June 1, 2022

Food Labels Explained

Food Labels Explained

Written by Amanda Chebatte

Grass fed, free range, pasture raised, organic…what does it all mean!?

Have you ever walked into a grocery store, reached for a block of butter and noticed that the cream used was from ‘grass fed’ cows? Or have you approached a stand at a farmer’s market and spotted a carton of eggs labelled ‘free range’? Perhaps you visited your local butcher and ordered their ‘pasture raised’ pork cutlets? All these labels can be overwhelming.

To put it simply, these different labels refer to how the food was grown or processed. And it is these labels in particular that you might want to consider when sourcing your food. But let’s go deeper and decode some of these popular food classifications…

Grass Fed

Grass fed meat comes from animals that graze on grass rather than being fed grain, notably beef and lamb. As cows are naturally grass eaters, feeding them grain or corn upsets their stomachs, causes inflammation and creates an environment for bacteria growth. Cows that are fed grain are also often given antibiotics to help them cope with their abnormal diet. There are numerous health benefits associated with eating grass fed meat, including higher levels of antioxidants and anti-inflammatory omega 3s. It is also significantly lower in saturated fats.

Our Tip! Sometimes grain is used as supplementary food if pastures are poor. Look for meat that is also grass finished. This means that the animals spent their entire lives on pastures eating grass, plants and shrubbery, and were not finished on grain or corn.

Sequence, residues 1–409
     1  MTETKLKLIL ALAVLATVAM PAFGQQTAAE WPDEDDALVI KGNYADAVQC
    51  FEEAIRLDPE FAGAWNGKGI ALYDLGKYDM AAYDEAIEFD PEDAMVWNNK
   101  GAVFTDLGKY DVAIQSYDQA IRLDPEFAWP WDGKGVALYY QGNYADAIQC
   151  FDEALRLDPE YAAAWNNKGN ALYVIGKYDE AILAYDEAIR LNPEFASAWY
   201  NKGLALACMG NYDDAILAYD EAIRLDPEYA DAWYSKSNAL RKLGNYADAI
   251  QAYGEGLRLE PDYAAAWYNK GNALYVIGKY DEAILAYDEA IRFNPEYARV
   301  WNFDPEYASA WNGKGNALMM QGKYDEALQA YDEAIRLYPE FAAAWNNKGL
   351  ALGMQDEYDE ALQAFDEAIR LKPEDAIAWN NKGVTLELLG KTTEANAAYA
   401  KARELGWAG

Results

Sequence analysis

Free Range

Free range labelling, found on pork and poultry products, means the animals have free access to roam outdoors, for most of the day at least, rather than being confined indoors or in cages. Whereas animals restricted to sheds and cages are susceptible to stress and disease, free range animals have a higher quality of life, meaning better-tasting and nutritious pork, chicken and eggs.

Our Tip! Free range certification on poultry and eggs usually includes a stocking density number that tells you how many hens were free to roam per hectare. One way to ensure better animal welfare is to look for the lowest stocking density number when sourcing your food.

Pasture Raised

Pasture raised means the animals live and graze outdoors in pastures, rather than indoors, in cages or feedlots. Pasture raised animals get a significant portion of their nutrition from the grass and shrubbery found in open fields, allowing them to live a more natural, unrestricted, stress-free life.

Our Tip! Look for PROOF (Pastured Raised On Open Fields) certification on pastured eggs, dairy, pork, chicken, beef and lamb to ensure animals have been completely raised on open fields, or talk to your farmer or butcher when buying directly. For the best quality and most nutritious beef and lamb, look for both pasture raised and grass-finished labels.


Organic food is produced without synthetic chemicals or genetically modified organisms (GMOs). This includes pesticides, fertilisers, antibiotics, hormones and artificial additives. Organic farmers adopt ecological-based farming techniques (ie natural) and seek to maintain the rich biodiversity of the soil which transfers to the food. Grown under organic conditions, food is known to be more nutritious. It doesn’t contain the toxic residue of conventional food, and is also found to have dense quantities of a variety of vitamins, minerals and antioxidants.

Our Tip! You will find that buying organic food produced locally and directly from the producer, like at a farmer’s market, will be substantially cheaper than if you purchased it from a grocery store. This way, you will also be supporting local businesses!

While sourcing food with these labels are helpful in determining how your food was grown or processed, the best way to learn about the quality of your food is to ask your local farmer. Or have a conversation with your butcher and green grocer. You will feel better knowing exactly what is going into your body and what you’re feeding your family.